Gratitude is woven into the fabric of The New Century School, a daily observance. On Thanksgiving Eve, Ann Marie Simonetti, TNCS’s Director of Admissions and Marketing and Montessori Programming Advisor, was inspired to share her deeper thoughts on gratitude and how it connects so beautifully with the Montessori ethos.
In addition to Admissions and Marketing, “Montessori Programming” has been added to my purview this year. This is a natural addition aligned with my Montessori teacher and administrator certifications.
As we approach the season of Thanksgiving, the Montessori lessons of Grace and Courtesy often come to my mind. One element that speaks to my heart is that of gratitude, and not just in the “thank you” we say throughout the day. We show gratitude when we give and receive a compliment and in the way we actively listen to one another. One benefit of the broad “Montessori-inspired” scope of curriculum here at TNCS is the way we draw awareness and foster appreciation for all that has come before us, and all that is to come. Revisiting these concepts as part of our spiral curriculum—revisiting topics/content previously experienced and building on prior knowledge to deepen/broaden understanding—helps children place themselves in context of time and cultivate a sense of belonging.
Part of awareness comes from mindfulness, which is holistically ingrained in our social emotional curriculum. There is an art to being present in the moment; and it is truly moments— not days or weeks—that make up our lives. In order for us to appreciate each moment, we must truly experience it. Being fully present is one of the unique qualities of children. They innately appreciate the joy of each moment and savor the most minute details.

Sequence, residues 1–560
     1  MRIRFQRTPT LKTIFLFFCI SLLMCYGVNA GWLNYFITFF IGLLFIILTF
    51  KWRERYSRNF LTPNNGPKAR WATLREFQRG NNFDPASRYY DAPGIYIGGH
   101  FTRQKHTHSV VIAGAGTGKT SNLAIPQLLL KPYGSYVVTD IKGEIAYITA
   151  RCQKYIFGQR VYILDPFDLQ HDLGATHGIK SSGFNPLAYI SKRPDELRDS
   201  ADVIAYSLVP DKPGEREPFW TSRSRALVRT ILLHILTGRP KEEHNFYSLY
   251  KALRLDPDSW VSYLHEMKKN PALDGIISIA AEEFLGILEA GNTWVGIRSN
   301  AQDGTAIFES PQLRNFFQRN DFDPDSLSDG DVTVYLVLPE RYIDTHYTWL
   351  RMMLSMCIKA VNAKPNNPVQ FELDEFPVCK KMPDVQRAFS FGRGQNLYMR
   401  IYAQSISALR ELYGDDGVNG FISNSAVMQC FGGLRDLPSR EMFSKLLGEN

If you’ve ever taken a walk with a young child, you know that a short distance can take a long time as they stop to notice every little thing along the path. Stopping every few steps to examine and exclaim their excitement over something you may not have even noticed. This savoring and sharing is intrinsically linked to the curious nature of children.
I’m reminded of a quote describing gratitude as bestowing reverence…
Allowing us to encounter everyday epiphanies, those transcendent moments of awe that change forever how we experience life in the world.Sarah Ban Breathnach
This is just one of the countless examples of the knowledge children innately possess and opportunities to learn from them, if we are willing. Dr. Maria Montessori offered this advice: “In order to become great, the grownup must become humble and learn from the child.”
Seeing each experience as an opportunity fosters reflection in the same way gratitude does. Even when things don’t go the way we wanted, or the way we had planned:
During staff week, I talked about how giving ourselves grace during these times, and modeling it for children, demonstrates the value of failing forward. I shared one of my favorite anecdotes from my residential Montessori training, It is in this way that we model for children the full range of human imperfection and the assurance that they too will be greatly, if imperfectly, loved.
These types of authentic experiences not only serve as models for children, but also meet our needs, as adults, for love and acceptance. Much like the tiny leaf we walk right past, that enthralls the young child, these moments help us to slow down, be fully in the moment, and to acknowledge and appreciate. Ram Dass tells us that we are all just walking each other home. But when we are gifted the opportunity to walk hand-in-hand with a child, each step becomes more meaningful, purposeful, and joyful….and for that we must be grateful.
Dr. Montessori eloquently shared, “We shall walk together on this path called life. For all things are part of this universe and are connected with each other to form one whole unity.”
Immersed and the TNCS Community are grateful to you, Ms. Simonetti, for sharing these truly beautiful thoughts at this very special time of year. Your inspiration is inspiring!